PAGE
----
28 February, 2008

AdSense Click Fraud Highest in India -Labnol

A recent report on Click Fraud suggests that the maximum number of invalid clicks on Pay Per Click ads originate from India. And this is not the first time - its widely believed there there exists a large “work from home” crowd in India who want to generate “quick cash” by clicking Google AdSense ads.

Pick any issue of Deccan Chronicle newspaper (the English Daily of Hyderabad) and open the Classifieds section - you will see dozens of ads that promise you regular Google AdSense income while working from home.

You basically create a website and then write a few articles to get accepted into the official Google AdSense program. Once you become an AdSense publisher, you join any of these “bogus” AdSense network and are introduced to other members who are in the same boat as you. Now Google would quickly ban your AdSense account if you click Ads on your own website so what these networks do is ask members to click on Ads appearing on websites of other members. So it like a reciprocal behavior - you click my ads and I will click yours.

20 February, 2008

You’re Better Off Working at Starbucks Than Running a Social Network -Om Malik

Peanut Labs, a company that couldn’t find a business as an also-ran social network, says "The CPMs (cost per thousand advertisements) are so low it’s really hard to build a real business unless you have several billion page views and your own sales team. Social networks get 5 to 10 cent CPMs, and less outside the U.S. At one point we were averaging 3 cent CPMs. We figured out if we all got up and worked at Starbucks instead we would make more money as a company than selling 300 million impressions a month of ad space"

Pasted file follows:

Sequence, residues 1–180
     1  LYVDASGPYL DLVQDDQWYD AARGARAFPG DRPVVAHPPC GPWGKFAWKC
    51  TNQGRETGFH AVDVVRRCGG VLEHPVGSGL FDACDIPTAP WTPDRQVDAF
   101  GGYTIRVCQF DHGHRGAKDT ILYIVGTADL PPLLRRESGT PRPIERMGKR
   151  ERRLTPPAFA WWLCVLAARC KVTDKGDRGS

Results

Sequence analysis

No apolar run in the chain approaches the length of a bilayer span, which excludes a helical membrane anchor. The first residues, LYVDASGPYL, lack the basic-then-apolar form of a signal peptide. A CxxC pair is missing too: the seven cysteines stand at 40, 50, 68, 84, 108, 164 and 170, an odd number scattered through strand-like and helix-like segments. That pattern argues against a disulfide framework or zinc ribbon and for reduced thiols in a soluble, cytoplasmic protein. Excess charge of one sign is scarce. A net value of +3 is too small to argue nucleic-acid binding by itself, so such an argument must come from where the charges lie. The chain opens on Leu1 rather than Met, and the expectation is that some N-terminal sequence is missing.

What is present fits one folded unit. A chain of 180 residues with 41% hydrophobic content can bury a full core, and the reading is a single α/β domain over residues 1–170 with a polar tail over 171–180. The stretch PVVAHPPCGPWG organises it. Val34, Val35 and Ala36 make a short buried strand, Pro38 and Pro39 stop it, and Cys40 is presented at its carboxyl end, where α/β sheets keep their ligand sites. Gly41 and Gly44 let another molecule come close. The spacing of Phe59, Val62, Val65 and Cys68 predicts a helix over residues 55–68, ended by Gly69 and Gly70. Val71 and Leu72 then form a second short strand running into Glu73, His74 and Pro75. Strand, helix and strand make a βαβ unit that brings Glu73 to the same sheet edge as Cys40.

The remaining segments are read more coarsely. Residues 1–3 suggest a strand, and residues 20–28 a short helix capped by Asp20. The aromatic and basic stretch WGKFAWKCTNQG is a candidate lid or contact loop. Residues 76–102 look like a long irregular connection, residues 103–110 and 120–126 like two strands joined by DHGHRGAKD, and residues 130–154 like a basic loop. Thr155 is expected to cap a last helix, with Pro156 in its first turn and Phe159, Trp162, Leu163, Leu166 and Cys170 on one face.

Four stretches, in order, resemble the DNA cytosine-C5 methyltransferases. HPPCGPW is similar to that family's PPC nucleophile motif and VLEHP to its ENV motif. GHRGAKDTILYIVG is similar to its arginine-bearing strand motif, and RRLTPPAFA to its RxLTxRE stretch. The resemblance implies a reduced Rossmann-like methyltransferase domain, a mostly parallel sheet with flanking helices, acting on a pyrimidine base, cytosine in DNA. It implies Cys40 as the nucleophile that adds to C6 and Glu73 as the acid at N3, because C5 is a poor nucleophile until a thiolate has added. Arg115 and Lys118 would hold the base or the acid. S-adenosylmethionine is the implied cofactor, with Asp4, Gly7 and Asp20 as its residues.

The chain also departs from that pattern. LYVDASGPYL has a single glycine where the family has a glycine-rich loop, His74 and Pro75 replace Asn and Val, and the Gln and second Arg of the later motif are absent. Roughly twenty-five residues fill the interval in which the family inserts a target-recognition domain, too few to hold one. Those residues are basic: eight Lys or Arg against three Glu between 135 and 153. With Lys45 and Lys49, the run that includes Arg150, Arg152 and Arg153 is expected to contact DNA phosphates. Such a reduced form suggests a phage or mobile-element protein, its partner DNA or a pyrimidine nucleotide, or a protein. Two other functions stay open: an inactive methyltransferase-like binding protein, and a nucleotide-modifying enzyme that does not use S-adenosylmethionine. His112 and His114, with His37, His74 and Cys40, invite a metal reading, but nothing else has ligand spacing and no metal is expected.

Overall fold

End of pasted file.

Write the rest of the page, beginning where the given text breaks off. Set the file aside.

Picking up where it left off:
17 February, 2008

Cartoon -Hindu

“Could you call up later when none of us is at home? We have just bought an answering machine!”

13 February, 2008

6% of People Online Contribute 50% of Display Ad Clicks -Read Write Web

Only 6% of people online are contributing 50% of the clicks to display advertisements- Those people who click heavily have a number of other characteristics of note. Heavy clickers skew towards Internet users between the ages of 25-44 and households with an income under $40,000 and they are also relatively more likely to visit auctions, gambling, and career services sites – a markedly different surfing pattern than non-clickers.

The authors conclude that the heavy clickers do shop more online than the population at large, but not at a rate proportional to their click rate influence. In other words, if your ads are getting a lot of click-throughs and you are holding your breath that they will monetize better any day now - you're not likely to find relief any time soon. The study also found that there was not a high correlation between heavy clickers and increased brand loyalty.

11 February, 2008

Who Owns What ? -Labnol

Amy Webb is tracking all the acquisitions made by Internet giants like Yahoo!, Google, Microsoft and AOL. No wonder, the red block corresponding to Google occupies the maximum estate.